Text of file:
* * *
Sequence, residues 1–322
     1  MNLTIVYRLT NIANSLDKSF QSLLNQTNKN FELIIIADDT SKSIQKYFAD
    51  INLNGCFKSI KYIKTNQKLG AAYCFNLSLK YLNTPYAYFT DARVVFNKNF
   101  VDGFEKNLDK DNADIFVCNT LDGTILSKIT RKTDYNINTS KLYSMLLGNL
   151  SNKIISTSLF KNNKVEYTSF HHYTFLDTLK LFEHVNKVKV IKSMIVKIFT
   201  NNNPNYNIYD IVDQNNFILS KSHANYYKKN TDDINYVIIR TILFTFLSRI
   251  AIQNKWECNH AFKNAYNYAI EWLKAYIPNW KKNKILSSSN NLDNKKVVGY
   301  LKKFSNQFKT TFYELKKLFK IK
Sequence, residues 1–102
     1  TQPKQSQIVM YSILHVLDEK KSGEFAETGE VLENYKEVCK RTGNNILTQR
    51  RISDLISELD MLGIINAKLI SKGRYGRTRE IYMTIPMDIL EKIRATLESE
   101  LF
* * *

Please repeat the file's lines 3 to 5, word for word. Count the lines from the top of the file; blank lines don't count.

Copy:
    51  INLNGCFKSI KYIKTNQKLG AAYCFNLSLK YLNTPYAYFT DARVVFNKNF
   101  VDGFEKNLDK DNADIFVCNT LDGTILSKIT RKTDYNINTS KLYSMLLGNL
   151  SNKIISTSLF KNNKVEYTSF HHYTFLDTLK LFEHVNKVKV IKSMIVKIFT